Figure 5 Percent change in FEV1 from baseline in subjects with wild-type genotype at the 5-LO core promoter locus treated with the 5-LO inhibitor ABT-761 or placebo and for patients with no wild-type alleles treated with ABT-761. Source: From Ref. 190.

utilize pharmacogenetics to determine which patients may be responders to these therapies and, perhaps, which individuals may develop particular side effects from these therapies.

Novel Therapies and Indications

Future directions of research regarding leukotriene modifiers will revolve around novel therapies and new indications. An active area of investigation is the search for new medications that target specific areas of the 5-LO cascade. Current research involves the development and clinical evaluation of new 5-LO inhibitors and cysteinyl leukotriene receptor antagonists, as well as PLA2 inhibitors, FLAP inhibitors, and LTB4 receptor antagonists. For instance, the FLAP inhibitor MK-0591 was given to patients with moderately severe asthma who required treatment with inhaled corticosteroids, and those who received 125 mg of the drug twice daily had a significantly greater rise in mean FEVi and peak flow rates compared to those receiving placebo and also had fewer asthma symptoms and no adverse events (193). Similarly, when another FLAP inhibitor, BAYx1005, was given to 67 patients with moderate chronic asthma receiving corticosteroids, there were small but significant increases in FEV1 after four weeks of treatment (194).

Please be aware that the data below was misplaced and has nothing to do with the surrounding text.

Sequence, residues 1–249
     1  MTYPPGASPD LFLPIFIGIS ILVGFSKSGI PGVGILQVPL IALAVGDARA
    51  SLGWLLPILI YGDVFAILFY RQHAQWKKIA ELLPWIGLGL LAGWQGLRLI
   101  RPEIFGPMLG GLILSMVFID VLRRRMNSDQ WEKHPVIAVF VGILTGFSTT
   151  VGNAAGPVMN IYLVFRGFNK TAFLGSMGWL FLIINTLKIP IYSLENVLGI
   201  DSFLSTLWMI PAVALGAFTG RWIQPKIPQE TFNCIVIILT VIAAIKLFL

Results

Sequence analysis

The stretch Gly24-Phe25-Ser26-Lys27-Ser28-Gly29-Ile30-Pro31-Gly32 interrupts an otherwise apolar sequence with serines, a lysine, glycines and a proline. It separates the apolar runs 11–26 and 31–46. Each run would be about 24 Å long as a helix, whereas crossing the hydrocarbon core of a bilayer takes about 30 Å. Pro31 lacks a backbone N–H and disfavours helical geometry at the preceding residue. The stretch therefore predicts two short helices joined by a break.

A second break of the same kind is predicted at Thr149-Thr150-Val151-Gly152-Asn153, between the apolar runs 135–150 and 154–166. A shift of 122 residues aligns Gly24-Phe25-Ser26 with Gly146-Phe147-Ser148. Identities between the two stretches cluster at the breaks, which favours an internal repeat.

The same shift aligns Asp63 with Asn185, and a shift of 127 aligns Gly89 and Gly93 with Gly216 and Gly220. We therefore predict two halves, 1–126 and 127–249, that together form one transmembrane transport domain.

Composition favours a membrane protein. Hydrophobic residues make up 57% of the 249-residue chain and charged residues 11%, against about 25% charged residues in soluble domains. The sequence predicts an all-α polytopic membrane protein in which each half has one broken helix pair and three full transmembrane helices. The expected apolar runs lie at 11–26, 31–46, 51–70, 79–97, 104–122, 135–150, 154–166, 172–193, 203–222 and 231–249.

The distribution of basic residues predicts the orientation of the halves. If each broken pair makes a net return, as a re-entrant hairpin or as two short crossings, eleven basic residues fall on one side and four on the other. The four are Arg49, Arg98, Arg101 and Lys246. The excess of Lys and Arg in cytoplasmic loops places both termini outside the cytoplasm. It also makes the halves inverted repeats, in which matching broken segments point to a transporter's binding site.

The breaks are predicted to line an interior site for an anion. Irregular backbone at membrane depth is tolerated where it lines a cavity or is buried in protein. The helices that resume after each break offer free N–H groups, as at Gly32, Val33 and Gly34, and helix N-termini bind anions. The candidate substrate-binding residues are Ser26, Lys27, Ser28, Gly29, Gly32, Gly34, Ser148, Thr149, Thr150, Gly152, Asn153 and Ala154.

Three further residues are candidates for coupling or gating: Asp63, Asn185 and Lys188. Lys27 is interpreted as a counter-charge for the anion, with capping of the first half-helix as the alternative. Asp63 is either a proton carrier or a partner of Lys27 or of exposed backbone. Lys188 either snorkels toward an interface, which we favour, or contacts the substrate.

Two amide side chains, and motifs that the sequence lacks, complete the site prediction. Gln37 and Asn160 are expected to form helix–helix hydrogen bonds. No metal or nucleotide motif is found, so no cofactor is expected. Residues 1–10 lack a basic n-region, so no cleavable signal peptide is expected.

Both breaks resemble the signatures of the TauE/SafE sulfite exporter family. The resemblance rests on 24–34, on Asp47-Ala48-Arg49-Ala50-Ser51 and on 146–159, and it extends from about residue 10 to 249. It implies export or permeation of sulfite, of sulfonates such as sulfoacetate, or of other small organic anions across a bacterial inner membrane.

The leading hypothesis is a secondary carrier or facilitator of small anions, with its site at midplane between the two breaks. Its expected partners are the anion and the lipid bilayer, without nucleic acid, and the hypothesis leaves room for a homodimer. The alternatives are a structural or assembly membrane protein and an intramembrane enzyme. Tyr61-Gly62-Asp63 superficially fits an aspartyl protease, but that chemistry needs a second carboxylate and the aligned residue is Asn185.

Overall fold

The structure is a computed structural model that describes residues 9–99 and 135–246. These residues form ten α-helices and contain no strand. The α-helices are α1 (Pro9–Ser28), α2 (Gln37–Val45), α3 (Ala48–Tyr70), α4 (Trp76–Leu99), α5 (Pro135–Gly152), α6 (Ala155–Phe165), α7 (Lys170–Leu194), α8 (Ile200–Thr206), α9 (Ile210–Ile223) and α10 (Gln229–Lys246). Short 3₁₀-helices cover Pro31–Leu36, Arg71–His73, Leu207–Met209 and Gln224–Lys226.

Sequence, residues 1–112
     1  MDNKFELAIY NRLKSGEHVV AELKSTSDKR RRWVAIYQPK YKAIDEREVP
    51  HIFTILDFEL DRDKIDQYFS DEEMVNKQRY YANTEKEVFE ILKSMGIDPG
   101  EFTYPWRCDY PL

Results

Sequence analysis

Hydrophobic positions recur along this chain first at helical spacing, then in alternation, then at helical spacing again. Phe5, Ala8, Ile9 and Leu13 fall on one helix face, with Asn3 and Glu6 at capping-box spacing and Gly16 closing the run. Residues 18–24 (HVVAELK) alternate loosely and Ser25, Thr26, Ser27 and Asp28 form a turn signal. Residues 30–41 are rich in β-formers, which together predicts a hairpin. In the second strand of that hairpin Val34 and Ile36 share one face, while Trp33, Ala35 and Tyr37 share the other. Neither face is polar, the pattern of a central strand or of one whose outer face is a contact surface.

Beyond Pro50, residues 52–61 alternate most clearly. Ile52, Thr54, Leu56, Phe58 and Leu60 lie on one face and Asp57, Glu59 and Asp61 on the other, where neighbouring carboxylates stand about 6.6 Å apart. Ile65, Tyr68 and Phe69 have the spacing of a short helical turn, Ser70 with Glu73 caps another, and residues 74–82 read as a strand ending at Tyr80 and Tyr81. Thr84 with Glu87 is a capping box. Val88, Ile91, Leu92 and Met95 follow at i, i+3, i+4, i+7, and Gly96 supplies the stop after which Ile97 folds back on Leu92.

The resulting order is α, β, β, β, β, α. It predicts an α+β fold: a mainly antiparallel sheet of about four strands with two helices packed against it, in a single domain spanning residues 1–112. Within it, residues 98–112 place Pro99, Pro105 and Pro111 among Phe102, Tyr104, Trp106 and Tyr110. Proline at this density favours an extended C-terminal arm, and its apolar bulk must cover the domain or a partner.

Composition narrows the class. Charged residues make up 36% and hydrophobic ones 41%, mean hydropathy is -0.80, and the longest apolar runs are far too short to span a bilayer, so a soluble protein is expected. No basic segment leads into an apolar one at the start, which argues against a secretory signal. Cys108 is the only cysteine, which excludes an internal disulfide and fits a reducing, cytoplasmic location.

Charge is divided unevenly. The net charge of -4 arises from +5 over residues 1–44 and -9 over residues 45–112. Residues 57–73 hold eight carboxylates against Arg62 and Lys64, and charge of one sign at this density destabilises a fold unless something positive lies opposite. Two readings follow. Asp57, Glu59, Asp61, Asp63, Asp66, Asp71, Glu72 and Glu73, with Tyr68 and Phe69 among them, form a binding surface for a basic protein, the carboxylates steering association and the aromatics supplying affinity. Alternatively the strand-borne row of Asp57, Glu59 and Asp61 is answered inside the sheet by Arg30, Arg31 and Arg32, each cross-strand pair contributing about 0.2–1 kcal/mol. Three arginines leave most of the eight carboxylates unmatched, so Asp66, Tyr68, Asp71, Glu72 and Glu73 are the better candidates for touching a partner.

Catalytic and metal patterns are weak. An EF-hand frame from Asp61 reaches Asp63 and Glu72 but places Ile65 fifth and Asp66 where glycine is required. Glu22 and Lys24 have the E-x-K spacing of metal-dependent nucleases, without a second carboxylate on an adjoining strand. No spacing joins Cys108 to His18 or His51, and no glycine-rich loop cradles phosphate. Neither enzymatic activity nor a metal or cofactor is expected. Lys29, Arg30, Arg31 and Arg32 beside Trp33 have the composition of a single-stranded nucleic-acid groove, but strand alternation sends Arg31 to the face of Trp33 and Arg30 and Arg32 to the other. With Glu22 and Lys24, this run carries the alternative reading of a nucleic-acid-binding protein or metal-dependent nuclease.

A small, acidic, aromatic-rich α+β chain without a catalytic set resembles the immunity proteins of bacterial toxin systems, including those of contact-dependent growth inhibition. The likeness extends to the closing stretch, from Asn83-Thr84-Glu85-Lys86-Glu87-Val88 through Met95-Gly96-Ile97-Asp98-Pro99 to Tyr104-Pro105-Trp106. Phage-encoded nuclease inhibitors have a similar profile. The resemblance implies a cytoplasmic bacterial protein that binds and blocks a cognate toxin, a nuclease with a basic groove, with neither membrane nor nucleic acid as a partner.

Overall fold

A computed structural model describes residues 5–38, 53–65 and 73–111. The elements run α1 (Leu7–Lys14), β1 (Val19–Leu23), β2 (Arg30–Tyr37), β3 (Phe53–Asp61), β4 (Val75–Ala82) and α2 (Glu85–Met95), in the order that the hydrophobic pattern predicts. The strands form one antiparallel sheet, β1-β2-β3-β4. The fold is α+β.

These classes of promising drugs may contribute significantly to asthma therapy in the future. While the potential role of these agents is very exciting, so is the potential use of current leukotriene modifiers, which have been shown to cause rapid benefit in the setting of acute asthma in the emergency department (195).

Leukotriene modifiers are currently being prescribed to patients with COPD, rhinosinusitis, and RSV infection. While there might be some theoretical and anecdotal basis for their use in these conditions, there have been no clinical trials to date documenting definitive efficacy or safety in these populations, and no drugs involved in the 5-LO pathway are currently approved for these or other inflammatory conditions. As we learn more about leukotrienes and their functions through further investigation, we will undoubtedly uncover much about the pathobiology of asthma and other inflammatory entities.